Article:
Seyfarth Synopsis: The CDC’s shorter isolation and quarantine requirements will allow employers to get many COVID-19 positive employees and exposed, unvaccinated employees back to work 5 days sooner.
On December 28, 2021, the CDC shortened the recommended isolation period for all persons with COVID-19. Under the revised guidance, individuals only need to isolate for 5 days instead of 10 days following the onset of symptoms or a positive test if asymptomatic or symptoms are resolving after those initial 5 days. The CDC also recommends that individuals continue to wear a face mask around others for at least 5 days following this initial 5-day isolation period. These recommendations previously only applied to essential workers.
The CDC also updated its quarantine recommendations for those exposed to COVID-19. Previously, the CDC advised that individuals who were fully vaccinated did not need to quarantine after contact with someone who had COVID-19, unless experiencing symptoms. Now, for individuals who are unvaccinated or are more than six months out from their second mRNA dose (or more than 2 months after the J&J vaccine) but not yet boosted, the CDC recommends quarantining, if feasible, for 5 days followed by strict mask use for an additional 5 days. If a 5-day quarantine is infeasible, the CDC explains it is “imperative” that the exposed individual wear a well-fitting mask at all times when around others for 10 days after exposure. Testing on day 5 is recommended.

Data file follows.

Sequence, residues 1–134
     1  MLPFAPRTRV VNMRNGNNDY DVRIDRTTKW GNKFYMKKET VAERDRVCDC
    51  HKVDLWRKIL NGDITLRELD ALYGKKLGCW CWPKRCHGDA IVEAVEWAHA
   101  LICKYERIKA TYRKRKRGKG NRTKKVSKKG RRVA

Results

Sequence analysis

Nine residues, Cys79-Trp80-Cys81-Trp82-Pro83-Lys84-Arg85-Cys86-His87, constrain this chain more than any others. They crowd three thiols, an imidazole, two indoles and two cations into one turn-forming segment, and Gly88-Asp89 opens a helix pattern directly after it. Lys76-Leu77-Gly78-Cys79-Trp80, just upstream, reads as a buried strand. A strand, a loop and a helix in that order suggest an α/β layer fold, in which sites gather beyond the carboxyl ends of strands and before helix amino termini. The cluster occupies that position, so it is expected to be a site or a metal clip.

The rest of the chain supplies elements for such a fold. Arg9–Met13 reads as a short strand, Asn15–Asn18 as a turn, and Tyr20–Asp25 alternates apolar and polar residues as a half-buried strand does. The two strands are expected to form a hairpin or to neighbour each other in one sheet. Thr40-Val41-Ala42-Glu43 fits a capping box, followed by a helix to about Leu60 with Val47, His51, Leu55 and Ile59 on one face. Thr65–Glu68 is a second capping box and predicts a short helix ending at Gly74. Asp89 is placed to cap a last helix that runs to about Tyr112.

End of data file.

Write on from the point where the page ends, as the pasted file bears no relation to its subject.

Individuals who have received their booster shot, or are less than 6 months out from their primary Pfizer or Moderna vaccine (or less than 2 months out from the J&J vaccine) however, do not need to quarantine following an exposure, but should wear a mask for 10 days after the exposure, and get tested on day 5 if possible.
These changes come during a particularly fraught stage of the pandemic, with the Omicron variant spreading, significant numbers of Americans testing positive, a growing risk of labor shortages, renewed disruption to the economy, and widespread exhaustion from further disruption to daily life. As CDC Director Rochelle Walensky reassured when the updated guidance was announced: “These updates ensure people can safely continue their daily lives.”
For employers in most jurisdictions, the updated guidance likely means that policies requiring employees to isolate/quarantine for 10 or more days can be revised to align with the CDC’s updated recommendations. Revising these policies will allow many employers to get employees back to work sooner. However employers should confirm that the relevant state and local authorities have adopted CDC’s recommendations. The CDC admonishes that its recommendations do not supersede state, local, tribal, or territorial laws, rules, and regulations.
Given the transmissibility of the Omicron variant, employers should remain vigilant in keeping these and other employees at least six feet apart, particularly in break rooms and other areas where employees may be required to remove their mask temporarily (to eat or drink, for example).
Employers could also update their policies if they previously did not require fully vaccinated employees to quarantine following exposure to COVID-19. Employers must also comply with stricter state and local rules. Before making any changes, employers should check to ensure that there are no state or local rules requiring different isolation periods and masking protocols, although we anticipate that several of these jurisdictions will begin to align with the updated guidance.
For more information on these changes and all things COVID-19, please contact the authors or your Seyfarth attorney.